IP CCTV Aéroports de Paris case study

January 29, 2010

IP CCTV transmission delivers increased flexibility and reduces costs for one of the largest CCTV networks in Europe

Mission
Aéroports de Paris Group are Europe’s second largest airport group, managing airports, and aerodromes including Paris-Orly, Paris-Charles de Gaulle, and Paris-Le Bourget. As the airport authority for the Paris region, Aéroports de Paris view security operations as an integral part of their customer services and ensure a high level of security to safeguard passengers, airline companies and partners. In 2003 Aéroports de Paris embarked on an ambitious CCTV upgrade programme to improve the level of security and safety throughout their airports that still continues today. The superior video quality that the IP solution provides was a primary reason for Aéroports de Paris to establish a long-term partnership with Controlware.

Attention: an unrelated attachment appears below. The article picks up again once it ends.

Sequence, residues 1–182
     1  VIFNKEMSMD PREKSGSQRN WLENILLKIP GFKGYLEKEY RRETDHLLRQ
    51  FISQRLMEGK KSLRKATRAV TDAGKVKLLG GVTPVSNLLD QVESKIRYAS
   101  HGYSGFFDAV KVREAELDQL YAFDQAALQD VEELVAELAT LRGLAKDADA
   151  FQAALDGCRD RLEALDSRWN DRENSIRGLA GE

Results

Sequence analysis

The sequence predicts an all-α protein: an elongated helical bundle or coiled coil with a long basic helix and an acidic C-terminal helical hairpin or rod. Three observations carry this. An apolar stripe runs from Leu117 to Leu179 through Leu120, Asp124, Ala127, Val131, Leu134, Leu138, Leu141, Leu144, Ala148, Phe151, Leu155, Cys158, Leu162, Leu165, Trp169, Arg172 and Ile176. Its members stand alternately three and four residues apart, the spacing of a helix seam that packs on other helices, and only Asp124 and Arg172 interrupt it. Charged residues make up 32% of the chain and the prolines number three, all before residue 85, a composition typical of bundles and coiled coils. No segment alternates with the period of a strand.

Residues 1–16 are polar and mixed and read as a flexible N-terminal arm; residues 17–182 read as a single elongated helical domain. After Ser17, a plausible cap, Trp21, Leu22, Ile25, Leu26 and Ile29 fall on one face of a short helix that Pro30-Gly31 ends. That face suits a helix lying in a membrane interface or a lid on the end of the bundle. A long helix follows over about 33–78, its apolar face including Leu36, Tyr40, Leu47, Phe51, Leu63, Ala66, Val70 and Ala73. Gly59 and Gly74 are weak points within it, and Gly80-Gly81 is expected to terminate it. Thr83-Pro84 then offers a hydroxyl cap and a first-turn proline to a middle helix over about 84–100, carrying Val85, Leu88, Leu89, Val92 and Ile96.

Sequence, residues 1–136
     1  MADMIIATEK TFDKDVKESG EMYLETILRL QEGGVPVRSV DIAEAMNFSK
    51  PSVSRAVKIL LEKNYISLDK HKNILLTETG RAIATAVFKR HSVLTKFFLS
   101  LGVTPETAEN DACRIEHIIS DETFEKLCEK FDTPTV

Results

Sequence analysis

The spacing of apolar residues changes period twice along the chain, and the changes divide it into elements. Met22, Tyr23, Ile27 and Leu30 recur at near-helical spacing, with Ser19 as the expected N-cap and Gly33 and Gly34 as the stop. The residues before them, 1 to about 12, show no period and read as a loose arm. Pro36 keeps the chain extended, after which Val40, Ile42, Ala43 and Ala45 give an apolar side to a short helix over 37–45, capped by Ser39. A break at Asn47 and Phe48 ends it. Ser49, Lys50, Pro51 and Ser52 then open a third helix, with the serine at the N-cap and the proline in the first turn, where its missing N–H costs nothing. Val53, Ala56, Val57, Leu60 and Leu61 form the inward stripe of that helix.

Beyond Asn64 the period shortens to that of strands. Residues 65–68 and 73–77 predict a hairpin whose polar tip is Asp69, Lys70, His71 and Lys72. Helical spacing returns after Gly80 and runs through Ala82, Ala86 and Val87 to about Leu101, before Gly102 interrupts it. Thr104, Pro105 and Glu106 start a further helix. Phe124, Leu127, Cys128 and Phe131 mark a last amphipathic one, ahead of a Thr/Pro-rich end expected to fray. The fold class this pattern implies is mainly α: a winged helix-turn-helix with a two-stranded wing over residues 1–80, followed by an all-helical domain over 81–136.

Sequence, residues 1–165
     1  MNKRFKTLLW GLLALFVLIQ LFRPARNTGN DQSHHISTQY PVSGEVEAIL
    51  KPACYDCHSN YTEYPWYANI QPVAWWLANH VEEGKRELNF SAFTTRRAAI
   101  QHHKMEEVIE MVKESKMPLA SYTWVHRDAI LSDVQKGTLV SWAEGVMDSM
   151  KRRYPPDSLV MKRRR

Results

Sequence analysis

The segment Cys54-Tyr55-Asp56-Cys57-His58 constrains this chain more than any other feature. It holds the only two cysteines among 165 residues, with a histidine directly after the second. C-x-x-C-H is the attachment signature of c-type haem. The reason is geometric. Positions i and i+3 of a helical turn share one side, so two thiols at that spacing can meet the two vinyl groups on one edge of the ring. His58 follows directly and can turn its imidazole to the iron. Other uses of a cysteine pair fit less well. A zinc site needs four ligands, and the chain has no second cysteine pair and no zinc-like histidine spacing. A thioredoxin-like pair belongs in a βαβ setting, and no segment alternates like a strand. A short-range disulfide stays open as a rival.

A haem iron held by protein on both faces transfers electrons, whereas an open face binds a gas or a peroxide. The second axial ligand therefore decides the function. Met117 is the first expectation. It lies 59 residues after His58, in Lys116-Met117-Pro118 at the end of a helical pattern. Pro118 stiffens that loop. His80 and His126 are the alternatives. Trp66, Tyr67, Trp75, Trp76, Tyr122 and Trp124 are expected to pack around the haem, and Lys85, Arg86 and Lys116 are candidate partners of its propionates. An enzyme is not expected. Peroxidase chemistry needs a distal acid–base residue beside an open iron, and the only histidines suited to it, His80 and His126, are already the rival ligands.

Solution
Aéroports de Paris monitor high quality video from 14 airports. Since 2003 Controlware has assisted Aéroports de Paris with the evolution and expansion of their IP transmission network and to date have supplied over 5,000 video ports helping to create one of the largest ever integrated IP CCTV networks in Europe.

Carmelo Musumeci, Country Manager for Controlware Continental Europe, adds that ”The flexibility and scalability of the solution provides easy integration with existing CCTV equipment and this is especially important in the context of large-scale and evolving projects like Aéroports de Paris.”

Result